In its Urban Street Design Guide, the National Association of City Transportation Officials (NACTO) recommends 10-foot lanes in urban areas (for comparison, freeway lanes are typically 12 feet wide), noting that they “have a positive effect on a street’s safety without impacting traffic operations.” Architect and walkability authority Jeff Speck goes further, noting in his important book Walkable City Rules that even narrower widths in “slow-flow” and “yield-flow” streets can be better for relatively quiet neighborhood streets where, among other things, we want children to feel comfortable. Many older city neighborhoods, such as my own, are full of these relatively skinny (by today’s standards) streets, with somewhat wider lanes reserved for thoroughfares.
Bigger vehicles can muck up the balance between safe vehicle travel and safe walking, because they crowd the lanes, sometimes causing traffic to back up and turn a quiet street into a busy and dangerous one. Aaron Gordon, senior writer at Motherboard, the tech section of Vice, has observed that Ford’s best-selling vehicle in 2022, the F-150 pickup, is an impressive 13 inches wider than the best-selling car in the US in 1987, the Ford Escort. If you count the side mirrors on an F-150, the vehicle is nearly eight feet wide, leaving only six inches of clearance on each side of a nine-foot “slow-flow” driving lane.
Gordon also explains the effect that bigger vehicles are having on those of us trying to maneuver parking garages:
“Consider someone who switched from a Honda Civic to a Honda CR-V. This added about three inches in width. A CR-V to a Pilot, a large SUV, would add five more inches in width. This may not sound like much, but repeat for half the cars in a parking lot and it adds up. For example, in a 700-space garage, if each car is four inches wider than its predecessor, that is 233 additional feet in car width—from the goal line to the opponent’s 23-yard line on a football field—that needs to be accommodated. . .
“And getting into that spot just right is harder than before, given that the cars are not only wider but longer, increasing the distance between the front and back wheels, which makes the turning radius bigger and maneuverability worse.
“As a result, there is a phenomenon in American parking garages almost anyone who uses them will recognize. A car will be pulled into a spot just slightly off center. The car next to it will have to park further over in order to get out, and so will the next one. This will continue until one car will have to encroach on the space next to it, rendering that space useless except for perhaps a compact car, which almost nobody has.”
Nathan Bomey, writing in USA Today, also observes that bigger contemporary vehicles don’t fit into many home garages, either.
Moreover, some New York City parking garages have begun charging more to accommodate SUVs and pickups (bravo), and some people are even concerned that older garages could collapse under the weight of today’s heavy vehicles.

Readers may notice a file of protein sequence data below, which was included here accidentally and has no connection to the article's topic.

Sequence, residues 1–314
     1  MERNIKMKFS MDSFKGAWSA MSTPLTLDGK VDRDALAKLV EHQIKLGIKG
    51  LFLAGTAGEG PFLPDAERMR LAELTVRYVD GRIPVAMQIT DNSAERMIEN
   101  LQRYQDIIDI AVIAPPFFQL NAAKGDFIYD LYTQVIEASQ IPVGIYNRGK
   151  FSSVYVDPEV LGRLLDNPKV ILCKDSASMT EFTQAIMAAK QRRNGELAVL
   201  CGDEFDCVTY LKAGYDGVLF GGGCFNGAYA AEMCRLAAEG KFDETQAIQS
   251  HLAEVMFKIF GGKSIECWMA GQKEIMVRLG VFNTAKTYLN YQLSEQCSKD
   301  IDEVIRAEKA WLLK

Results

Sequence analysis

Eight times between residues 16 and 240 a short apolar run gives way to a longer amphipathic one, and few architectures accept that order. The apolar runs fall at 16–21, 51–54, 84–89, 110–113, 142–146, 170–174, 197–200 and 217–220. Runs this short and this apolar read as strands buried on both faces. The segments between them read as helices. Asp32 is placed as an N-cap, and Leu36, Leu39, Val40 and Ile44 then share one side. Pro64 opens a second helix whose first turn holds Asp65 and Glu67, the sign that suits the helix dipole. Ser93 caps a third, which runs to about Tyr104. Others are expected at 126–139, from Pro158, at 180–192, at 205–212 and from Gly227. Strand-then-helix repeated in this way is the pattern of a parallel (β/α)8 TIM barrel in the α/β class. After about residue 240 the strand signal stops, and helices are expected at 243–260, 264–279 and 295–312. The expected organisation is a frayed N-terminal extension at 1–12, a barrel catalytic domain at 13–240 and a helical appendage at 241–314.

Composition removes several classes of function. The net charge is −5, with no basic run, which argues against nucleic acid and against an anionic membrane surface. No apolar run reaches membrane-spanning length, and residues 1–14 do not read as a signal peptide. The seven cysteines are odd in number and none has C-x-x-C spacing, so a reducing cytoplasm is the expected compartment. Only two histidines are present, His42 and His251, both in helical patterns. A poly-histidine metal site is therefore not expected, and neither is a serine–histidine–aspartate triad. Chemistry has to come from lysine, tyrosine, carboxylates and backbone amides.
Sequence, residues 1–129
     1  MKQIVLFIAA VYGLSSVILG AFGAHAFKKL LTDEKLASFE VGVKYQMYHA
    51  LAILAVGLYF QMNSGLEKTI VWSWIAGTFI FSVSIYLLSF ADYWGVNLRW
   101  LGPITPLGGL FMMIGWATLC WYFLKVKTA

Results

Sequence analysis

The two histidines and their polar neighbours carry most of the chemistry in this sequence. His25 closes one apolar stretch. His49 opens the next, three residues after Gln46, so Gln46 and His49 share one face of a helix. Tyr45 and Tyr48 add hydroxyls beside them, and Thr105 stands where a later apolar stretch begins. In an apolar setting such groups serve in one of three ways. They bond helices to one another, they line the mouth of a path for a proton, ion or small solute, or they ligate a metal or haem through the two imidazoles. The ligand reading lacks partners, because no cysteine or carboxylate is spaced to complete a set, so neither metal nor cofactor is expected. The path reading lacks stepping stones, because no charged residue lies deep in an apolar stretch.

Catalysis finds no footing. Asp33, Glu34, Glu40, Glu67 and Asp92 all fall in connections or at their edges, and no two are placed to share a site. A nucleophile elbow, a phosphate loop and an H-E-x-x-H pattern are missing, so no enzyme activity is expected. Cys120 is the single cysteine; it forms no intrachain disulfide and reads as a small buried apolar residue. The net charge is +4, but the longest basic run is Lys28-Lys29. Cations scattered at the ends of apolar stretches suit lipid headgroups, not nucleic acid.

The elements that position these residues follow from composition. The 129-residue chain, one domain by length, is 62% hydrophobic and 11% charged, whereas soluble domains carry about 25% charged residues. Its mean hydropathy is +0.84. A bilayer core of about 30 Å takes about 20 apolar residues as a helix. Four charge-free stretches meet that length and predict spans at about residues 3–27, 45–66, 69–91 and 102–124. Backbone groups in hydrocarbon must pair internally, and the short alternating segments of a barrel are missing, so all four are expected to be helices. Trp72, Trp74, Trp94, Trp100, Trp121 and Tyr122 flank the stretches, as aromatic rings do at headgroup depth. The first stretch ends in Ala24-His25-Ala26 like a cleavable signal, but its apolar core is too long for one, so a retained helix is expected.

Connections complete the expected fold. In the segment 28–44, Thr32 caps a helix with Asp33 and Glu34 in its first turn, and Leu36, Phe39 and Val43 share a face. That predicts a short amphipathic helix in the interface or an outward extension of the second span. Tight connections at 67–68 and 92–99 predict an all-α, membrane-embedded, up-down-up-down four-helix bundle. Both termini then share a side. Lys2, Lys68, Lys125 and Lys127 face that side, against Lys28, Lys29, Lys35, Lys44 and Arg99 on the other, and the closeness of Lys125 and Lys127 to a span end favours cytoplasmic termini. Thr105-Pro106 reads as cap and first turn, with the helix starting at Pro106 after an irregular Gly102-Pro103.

Manufacturer profits and regulatory nonsense
As noted, a lot of consumers like big vehicles. But it’s also true that the manufacturers promote them like crazy, and are dropping many smaller models, one by one, from their lineups. As I have learned from my personal search, there is a heck of a lot more availability in dealer inventories if you want to buy a big SUV than if you’re looking for a sedan about the size of my Volvo or smaller.
And, if you look a little behind the scenes, manufacturers and dealers have a lot of incentives to sell you big vehicles. For starters, profit margins are higher – a lot higher – on big vehicles than they are on sedans. In 2020, automotive writer Ed Reeves reported findings from Morgan Stanley Research (in the amusingly titled trade publication Motorbiscuit) showing that General Motors and Ford generate most of their revenues and nearly all of their profits from vehicles that are classified as trucks.
In particular, GM’s top revenue generators in 2019, the year studied by Morgan Stanley, were the Chevrolet Silverado, Chevrolet Tahoe, Chevrolet Equinox, GMC Sierra, and Buick GL8: “That’s two trucks, two SUVs, and a minivan that’s sold in China.” Ford’s top sellers in 2019 were four trucks and the Focus, a compact sedan that has since been dropped from the company’s lineup. His conclusion? That vehicles other than trucks and SUVs are a “waste of money“ for manufacturers.
One of the reasons that manufacturers make more money on “light trucks” is that federal regulations are set up to help them. The biggest culprit may be the CAFE (Corporate Average Fuel Economy) standards, which require that sedans and traditional cars meet tighter efficiency standards than most SUVs, even though both kinds of vehicles are now used as everyday transportation by individuals and families.
The distinction between cars and “light trucks,” dubbed by some commentators as the “SUV loophole,” is a relic from the 1970s, when the CAFE system was first created in the wake of that decade’s fuel embargoes. At the time, it made more sense to have a separate category for trucks, which were a much smaller part of the personal vehicle market and driven primarily by farmers and other workers who used them to haul cargo, and by people who spent most of their driving time navigating rough terrain, not by my urbane next-door neighbors.
Although the CAFE regs are being tightened, they are not being tightened nearly so much for light trucks as for regular cars. EPA reports that, on average, gasoline-powered SUVs emit 20 percent more greenhouse gases than do sedans. A report earlier this year from the International Energy Agency found that, if the world’s 330 million SUVs were a country, they would rank sixth in the world for carbon emissions, just behind Japan.